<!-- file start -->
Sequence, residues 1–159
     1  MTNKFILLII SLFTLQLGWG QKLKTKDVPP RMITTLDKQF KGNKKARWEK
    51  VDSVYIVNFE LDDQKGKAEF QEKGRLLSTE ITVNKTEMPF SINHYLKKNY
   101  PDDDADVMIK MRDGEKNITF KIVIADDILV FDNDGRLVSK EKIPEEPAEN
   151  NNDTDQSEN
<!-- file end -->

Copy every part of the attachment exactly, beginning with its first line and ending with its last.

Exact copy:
Sequence, residues 1–159
     1  MTNKFILLII SLFTLQLGWG QKLKTKDVPP RMITTLDKQF KGNKKARWEK
    51  VDSVYIVNFE LDDQKGKAEF QEKGRLLSTE ITVNKTEMPF SINHYLKKNY
   101  PDDDADVMIK MRDGEKNITF KIVIADDILV FDNDGRLVSK EKIPEEPAEN
   151  NNDTDQSEN